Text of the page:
Apr. 25—ALBUQUERQUE — At a school where coach Jim Valvano’s postgame celebration in The Pit has been seared into a nation’s collective memory, Heather Dyche never really had her moment to run around like a coach in search of a hug.
“Nah, I didn’t run up and down the field or anything like that,” she said last week. “But I did need a hug. I’d take one of those.”
The coach of the soccer team at the University of New Mexico and Albuquerque native had just watched Lobos junior Jadyn Edwards score a golden goal in sudden death overtime April 18 to beat San Diego State to win the Mountain West Conference championship and earn an automatic bid to the 48-team NCAA Tournament.
UNM (10-1) will face Navy (4-4-2) on Wednesday afternoon in Wilson, N.C. The winner faces No. 4 overall seed TCU on Thursday.
As much as Dyche may have wanted to do her own version of Valvano’s dance, she knows there are bigger opportunities before her. The NCAA Tournament is a national proving ground for a program whose sixth-year coach is on the precipice of accomplishing something far bigger than anyone could have imagined when she was hired in 2015.
Just three years after her arrival, UNM eliminated multiple team sports — most notably men’s soccer — to reduce expenses and help balance its annual budget.
“This school has been through some tough times but, you know what, we’re still here and were moving in the right direction,” Dyche said. “We can’t change what happened in the past, but right now, we’ve got a good thing going, and maybe we’re giving people a reason to feel good about soccer at UNM again.”
It was in the waning moments of that win over San Diego State where it almost seemed to collapse. The Aztecs scored the game-tying goal with four seconds left, sending it to overtime.
With the team in shock on the sidelines, it was Jaelyn Hendren’s emotional speech during the changeover that may have saved the team’s season.
“There were so many emotions going through my mind and, honestly, I was like ‘I can’t believe, is this over, is this it?’ ” Hendren said. “In that moment, I can either stay in my head or choose to be external about it. That’s one thing that Heather really teaches us to do, to be external when times get hard like that and things get down to the wire like that.”
The rest of UNM’s athletic department has picked up on the energy. With crowds slowly starting to grow as the season wears on, the bulk of the noise from the stands came from fellow student-athletes. Players from several different teams have made regular appearances at home games, including a grassroots effort led by UNM’s football and women’s basketball teams.
“I don’t think we win that game [against San Diego State] without the support of all the other teams,” Dyche said. “It was that extra edge that pushed us over. It started from women’s basketball. By the end of football season you felt this buzz because they were playing with this passion and I would give a ton of credit to Danny [Gonzales] for that because he’s done everything to support us all the time. When we have everybody in this together it becomes a collective effort.”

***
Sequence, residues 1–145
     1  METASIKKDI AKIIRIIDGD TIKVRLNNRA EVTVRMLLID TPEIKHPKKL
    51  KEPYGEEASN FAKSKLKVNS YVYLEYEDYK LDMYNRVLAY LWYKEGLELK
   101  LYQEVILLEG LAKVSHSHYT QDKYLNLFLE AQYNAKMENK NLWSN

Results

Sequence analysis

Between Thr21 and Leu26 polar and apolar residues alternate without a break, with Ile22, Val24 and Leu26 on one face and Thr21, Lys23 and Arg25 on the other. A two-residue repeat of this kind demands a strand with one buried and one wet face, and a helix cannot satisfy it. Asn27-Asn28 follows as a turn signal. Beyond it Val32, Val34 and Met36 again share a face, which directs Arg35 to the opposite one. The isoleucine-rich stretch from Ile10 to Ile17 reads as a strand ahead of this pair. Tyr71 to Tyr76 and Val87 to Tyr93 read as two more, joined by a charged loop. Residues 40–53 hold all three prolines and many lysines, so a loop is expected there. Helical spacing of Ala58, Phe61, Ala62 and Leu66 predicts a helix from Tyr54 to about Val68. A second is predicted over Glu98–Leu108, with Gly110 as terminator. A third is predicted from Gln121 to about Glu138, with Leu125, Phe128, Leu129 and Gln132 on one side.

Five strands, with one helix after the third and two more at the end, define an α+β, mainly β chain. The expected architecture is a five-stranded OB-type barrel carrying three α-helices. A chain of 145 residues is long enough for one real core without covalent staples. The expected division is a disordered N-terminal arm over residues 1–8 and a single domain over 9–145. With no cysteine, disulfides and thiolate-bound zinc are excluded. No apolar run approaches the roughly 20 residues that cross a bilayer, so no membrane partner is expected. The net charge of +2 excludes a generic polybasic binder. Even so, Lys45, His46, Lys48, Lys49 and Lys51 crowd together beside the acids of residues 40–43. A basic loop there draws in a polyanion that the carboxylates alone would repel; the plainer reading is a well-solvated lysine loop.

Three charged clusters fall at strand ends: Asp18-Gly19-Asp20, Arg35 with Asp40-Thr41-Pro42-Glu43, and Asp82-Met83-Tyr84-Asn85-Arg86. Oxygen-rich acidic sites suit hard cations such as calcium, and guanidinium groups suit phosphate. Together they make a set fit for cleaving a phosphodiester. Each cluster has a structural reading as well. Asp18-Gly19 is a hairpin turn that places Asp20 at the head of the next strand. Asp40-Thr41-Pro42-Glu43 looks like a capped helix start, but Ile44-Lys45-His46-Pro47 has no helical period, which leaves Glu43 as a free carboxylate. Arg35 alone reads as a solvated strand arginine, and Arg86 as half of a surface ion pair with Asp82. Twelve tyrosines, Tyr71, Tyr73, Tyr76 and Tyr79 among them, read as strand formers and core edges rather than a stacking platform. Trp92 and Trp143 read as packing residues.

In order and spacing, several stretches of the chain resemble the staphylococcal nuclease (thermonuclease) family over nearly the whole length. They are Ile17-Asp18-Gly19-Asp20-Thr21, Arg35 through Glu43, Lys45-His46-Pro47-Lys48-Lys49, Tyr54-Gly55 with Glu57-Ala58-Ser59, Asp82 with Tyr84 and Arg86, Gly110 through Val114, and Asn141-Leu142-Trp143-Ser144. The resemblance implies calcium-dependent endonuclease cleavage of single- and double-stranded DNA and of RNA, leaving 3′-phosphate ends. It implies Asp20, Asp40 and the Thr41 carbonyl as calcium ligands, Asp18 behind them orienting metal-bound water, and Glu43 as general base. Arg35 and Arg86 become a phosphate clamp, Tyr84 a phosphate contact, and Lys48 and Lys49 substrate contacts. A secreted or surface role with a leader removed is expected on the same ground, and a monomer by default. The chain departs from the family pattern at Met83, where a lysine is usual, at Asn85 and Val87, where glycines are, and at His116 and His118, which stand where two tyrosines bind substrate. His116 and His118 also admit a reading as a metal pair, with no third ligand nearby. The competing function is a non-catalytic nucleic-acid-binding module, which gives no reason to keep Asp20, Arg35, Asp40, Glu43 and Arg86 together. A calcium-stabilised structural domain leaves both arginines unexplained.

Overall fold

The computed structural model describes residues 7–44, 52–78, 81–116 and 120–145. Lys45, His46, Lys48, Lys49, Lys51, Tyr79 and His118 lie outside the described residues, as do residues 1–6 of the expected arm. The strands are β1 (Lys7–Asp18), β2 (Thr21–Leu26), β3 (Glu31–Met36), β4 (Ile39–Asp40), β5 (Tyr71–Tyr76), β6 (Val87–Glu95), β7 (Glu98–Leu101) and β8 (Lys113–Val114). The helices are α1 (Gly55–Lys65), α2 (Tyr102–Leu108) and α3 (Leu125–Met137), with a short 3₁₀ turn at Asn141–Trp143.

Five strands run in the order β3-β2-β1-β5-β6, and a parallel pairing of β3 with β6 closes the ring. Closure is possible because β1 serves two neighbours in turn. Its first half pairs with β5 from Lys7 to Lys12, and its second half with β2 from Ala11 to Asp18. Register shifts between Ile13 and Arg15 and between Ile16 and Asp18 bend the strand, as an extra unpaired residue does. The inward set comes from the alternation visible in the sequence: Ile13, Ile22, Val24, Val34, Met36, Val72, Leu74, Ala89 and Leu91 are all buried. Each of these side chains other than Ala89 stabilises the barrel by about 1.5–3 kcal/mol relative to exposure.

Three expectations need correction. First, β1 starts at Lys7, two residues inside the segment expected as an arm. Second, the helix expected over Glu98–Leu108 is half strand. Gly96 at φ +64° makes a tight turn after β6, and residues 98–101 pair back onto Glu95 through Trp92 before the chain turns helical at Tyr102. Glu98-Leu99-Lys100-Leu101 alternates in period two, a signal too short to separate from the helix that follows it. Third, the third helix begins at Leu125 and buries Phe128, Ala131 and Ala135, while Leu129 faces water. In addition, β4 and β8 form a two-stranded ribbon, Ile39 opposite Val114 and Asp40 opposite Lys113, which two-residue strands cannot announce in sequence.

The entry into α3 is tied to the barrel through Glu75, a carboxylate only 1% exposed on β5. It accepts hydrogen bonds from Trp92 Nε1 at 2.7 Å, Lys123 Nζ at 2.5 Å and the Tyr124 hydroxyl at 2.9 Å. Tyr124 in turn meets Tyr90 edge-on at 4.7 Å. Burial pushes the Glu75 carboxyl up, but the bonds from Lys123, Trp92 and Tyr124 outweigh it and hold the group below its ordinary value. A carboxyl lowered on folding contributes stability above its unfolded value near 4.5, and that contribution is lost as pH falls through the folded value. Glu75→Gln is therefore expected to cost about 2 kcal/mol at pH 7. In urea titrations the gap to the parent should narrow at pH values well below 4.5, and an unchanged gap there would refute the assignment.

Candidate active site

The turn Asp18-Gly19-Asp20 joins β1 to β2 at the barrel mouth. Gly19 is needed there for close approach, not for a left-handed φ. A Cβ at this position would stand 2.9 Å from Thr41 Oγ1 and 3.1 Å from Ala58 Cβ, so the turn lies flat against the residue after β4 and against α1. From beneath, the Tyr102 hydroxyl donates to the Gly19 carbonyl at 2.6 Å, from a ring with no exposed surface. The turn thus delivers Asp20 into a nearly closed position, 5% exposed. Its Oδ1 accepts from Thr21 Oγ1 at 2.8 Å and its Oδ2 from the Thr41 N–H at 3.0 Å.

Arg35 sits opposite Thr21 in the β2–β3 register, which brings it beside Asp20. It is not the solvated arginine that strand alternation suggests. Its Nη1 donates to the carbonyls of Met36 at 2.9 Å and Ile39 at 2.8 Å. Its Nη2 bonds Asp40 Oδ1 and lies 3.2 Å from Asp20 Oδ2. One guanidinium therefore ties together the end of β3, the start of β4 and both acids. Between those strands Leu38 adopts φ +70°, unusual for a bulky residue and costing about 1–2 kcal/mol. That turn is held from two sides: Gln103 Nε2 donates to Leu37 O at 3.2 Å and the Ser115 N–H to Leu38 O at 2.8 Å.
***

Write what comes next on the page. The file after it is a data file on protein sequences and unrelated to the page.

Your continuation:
The effort extends to the Lobos’ homegrown roster. A dozen players are from New Mexico high schools, a nod to Dyche’s commitment to keep the state’s best talent at home.
Herself a local product, Dyche was a dual-sport star at Eldorado in the late ’90s. She was a four-year starter on the Eagles’ soccer team and an all-state guard for hall of fame basketball coach Mike Flanagan. She was originally recruited to Nebraska, playing both sports her freshman year.
She sought to transfer prior to her sophomore year with the intent of focusing on just one sport. Her options were playing hoops for UNM since Flanagan had taken over the program, or heading to Florida State to play soccer. She chose FSU on the advice of Flanagan.
“Honestly, the only reason I even considered basketball was coach Flanagan,” Dyche said. “To me, he’s the best coach I’ve ever played for, no doubt. He’s had a huge influence on my life, and even though I’m a soccer girl at heart, I would have given it up to play for him.”
Dyche eventually became a team captain at Florida State, leading the Seminoles to the NCAA Tournament her junior and senior seasons. She went on to play professionally overseas and here in the United States, turning her playing days into a coaching career.
In six years with the Lobos she’s 65-38-10 with a pair of first-place finishes in the Mountain West where she has won 42 of the 66 matches she’s coached.
“I’m a prideful New Mexican,” Dyche said. “Anyone that knows me will tell you that. I don’t take lightly that I get to wear it on my chest. I think when you represent the state, it represents hard work, blue collar, it’s people that have a strong sense of community and culture. When we get a chance to go represent that on a national stage I think you’re going to see us play with that kind of heart.”
And, maybe, cap it off with a celebratory hug that would make Jimmy V proud.